Apple is reportedly going to slow hiring and spending for a number of its teams in 2023, in the face of looming economic concerns.
This is according to Bloomberg’s Mark Gurman (a noted Apple leaker), after he reported that Apple won’t backfill roles or add new staff in certain cases, citing people with knowledge of the matter.
Apple is not alone in this regard. Google CEO Sundar Pichai last week in an email to staff warned that Alphabet plans to slow down hiring and consolidate investments through 2023
Microsoft recently confirmed it had begun cutting less than 1 percent of jobs as part of a structural adjustment, after warning the management the Windows and Office divisions in May to adopt a more conservative approach to hiring new people.
These moves come as the world faces inflationary pressures, rising fuel costs and food prices, caused in part by Russia’s illegal invasion of Ukraine, and the economic fallout from lockdowns imposed during the global Coronavirus pandemic.
Other tech firms are also making workforce adjustments.
Facebook parent Meta Platforms earlier this month scaled back its target for adding software engineers this year from 10,000 to around 6,000 to 7,000.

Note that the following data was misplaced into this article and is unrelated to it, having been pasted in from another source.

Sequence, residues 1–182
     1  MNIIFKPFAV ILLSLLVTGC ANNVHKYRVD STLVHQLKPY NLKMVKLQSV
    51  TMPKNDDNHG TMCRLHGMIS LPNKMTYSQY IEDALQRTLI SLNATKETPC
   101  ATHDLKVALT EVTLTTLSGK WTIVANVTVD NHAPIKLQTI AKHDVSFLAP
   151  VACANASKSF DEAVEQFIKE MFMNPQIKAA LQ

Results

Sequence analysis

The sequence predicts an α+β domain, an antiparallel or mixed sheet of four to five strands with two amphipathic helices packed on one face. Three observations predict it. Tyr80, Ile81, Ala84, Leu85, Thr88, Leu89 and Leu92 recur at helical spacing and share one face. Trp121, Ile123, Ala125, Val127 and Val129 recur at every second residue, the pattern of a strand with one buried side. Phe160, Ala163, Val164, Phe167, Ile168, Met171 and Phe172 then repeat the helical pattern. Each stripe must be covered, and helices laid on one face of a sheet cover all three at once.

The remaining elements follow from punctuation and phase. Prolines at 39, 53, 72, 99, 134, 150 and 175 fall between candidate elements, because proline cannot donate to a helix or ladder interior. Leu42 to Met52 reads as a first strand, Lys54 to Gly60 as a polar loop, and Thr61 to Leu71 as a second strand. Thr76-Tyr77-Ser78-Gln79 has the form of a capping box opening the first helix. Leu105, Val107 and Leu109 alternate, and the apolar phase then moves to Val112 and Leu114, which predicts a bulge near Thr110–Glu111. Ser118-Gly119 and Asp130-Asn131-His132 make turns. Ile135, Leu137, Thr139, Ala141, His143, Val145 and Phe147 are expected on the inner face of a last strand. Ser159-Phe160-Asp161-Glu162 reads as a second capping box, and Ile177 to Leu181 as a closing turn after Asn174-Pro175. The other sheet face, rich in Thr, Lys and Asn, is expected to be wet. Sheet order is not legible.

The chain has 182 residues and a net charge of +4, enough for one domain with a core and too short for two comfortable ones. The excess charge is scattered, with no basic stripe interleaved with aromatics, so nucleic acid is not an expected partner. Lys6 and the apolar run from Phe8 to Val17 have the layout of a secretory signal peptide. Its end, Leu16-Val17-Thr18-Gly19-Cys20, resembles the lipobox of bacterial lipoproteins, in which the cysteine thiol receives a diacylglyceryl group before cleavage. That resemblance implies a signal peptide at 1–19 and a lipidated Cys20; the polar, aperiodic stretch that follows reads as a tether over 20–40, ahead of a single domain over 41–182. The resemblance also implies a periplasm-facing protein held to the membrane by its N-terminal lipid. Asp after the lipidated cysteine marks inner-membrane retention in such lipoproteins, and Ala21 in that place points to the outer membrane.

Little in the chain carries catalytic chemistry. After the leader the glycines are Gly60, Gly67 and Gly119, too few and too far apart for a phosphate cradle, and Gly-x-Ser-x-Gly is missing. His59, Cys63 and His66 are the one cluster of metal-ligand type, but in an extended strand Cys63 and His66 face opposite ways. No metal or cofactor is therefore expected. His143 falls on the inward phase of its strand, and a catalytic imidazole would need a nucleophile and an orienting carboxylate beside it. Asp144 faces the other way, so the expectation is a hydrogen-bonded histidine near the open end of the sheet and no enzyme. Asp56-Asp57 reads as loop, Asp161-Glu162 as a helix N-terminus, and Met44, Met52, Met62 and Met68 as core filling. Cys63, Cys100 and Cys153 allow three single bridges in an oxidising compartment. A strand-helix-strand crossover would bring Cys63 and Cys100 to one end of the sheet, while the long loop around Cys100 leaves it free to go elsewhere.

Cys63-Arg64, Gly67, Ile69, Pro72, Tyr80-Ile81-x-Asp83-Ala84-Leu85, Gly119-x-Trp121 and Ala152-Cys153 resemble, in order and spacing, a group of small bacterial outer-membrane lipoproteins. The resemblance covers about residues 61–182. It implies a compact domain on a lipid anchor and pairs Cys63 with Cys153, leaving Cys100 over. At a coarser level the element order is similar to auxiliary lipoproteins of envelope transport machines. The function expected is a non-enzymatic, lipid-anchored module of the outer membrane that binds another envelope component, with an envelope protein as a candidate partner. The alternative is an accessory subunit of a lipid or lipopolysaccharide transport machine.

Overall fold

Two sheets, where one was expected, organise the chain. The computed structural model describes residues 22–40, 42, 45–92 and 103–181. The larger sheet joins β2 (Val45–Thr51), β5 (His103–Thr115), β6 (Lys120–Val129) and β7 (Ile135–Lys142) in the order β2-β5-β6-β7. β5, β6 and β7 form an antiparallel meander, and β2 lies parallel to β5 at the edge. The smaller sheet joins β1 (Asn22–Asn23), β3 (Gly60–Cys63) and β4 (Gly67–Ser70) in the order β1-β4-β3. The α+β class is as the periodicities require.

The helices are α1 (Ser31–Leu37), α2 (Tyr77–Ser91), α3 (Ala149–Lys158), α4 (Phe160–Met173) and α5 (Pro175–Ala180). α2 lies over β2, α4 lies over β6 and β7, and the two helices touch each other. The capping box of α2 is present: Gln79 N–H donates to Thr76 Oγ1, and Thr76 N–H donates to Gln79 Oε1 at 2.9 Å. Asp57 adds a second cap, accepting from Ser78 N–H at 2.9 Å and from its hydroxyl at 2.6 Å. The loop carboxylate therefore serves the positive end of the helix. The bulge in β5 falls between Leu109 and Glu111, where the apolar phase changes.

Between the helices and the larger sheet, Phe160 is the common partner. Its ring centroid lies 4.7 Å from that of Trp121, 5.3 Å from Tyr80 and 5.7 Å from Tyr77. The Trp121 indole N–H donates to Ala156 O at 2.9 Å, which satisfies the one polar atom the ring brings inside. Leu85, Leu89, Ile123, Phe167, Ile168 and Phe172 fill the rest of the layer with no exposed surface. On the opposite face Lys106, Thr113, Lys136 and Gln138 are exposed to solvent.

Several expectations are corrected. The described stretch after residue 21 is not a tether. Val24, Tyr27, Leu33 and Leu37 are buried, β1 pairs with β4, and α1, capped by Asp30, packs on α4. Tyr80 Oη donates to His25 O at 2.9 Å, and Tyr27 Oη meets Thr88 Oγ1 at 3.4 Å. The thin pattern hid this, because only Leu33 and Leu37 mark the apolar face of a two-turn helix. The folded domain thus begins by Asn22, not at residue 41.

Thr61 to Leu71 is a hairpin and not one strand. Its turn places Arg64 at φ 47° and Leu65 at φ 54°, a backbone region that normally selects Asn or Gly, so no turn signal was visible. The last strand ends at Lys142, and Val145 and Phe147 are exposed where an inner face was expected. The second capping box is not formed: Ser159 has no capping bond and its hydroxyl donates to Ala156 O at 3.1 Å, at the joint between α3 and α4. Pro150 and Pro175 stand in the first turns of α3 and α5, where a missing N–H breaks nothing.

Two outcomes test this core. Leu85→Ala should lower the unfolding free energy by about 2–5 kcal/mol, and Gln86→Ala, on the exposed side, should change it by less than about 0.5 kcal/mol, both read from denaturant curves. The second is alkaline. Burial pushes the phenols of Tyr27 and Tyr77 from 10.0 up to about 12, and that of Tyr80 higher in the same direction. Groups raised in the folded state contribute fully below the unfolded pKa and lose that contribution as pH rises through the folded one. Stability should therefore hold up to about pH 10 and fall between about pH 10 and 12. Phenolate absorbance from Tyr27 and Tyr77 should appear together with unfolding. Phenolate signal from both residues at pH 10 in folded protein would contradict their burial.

Tesla meanwhile is already restructuring its operations and is in the process of axing 10,000 jobs, after Elon Musk announced he had a “super bad feeling” about the economy and planned to cut headcount by 10 percent and “pause all hiring worldwide.”
Now Bloomberg has reported that Apple plans to slow hiring and spending growth next year in some units to cope with a potential economic downturn.
According to Bloomberg, the changes would not affect all teams and Apple was still planning an aggressive product launch schedule in 2023 that includes a mixed-reality headset, its first major new category since 2015 when it introduced its first wearable, the Apple Watch.
IDC last month forecast that shipments of smartphones will decline 3.5 percent to 1.31 billion units in 2022.
After three consecutive quarters of decline and increasing challenges in both supply and demand, IDC significantly reduced its forecast for 2022 from the previous projection of 1.6 percent growth.
Apple is widely expected to launch a new version of its iPhone (the iPhone 14) and other wearable products in September.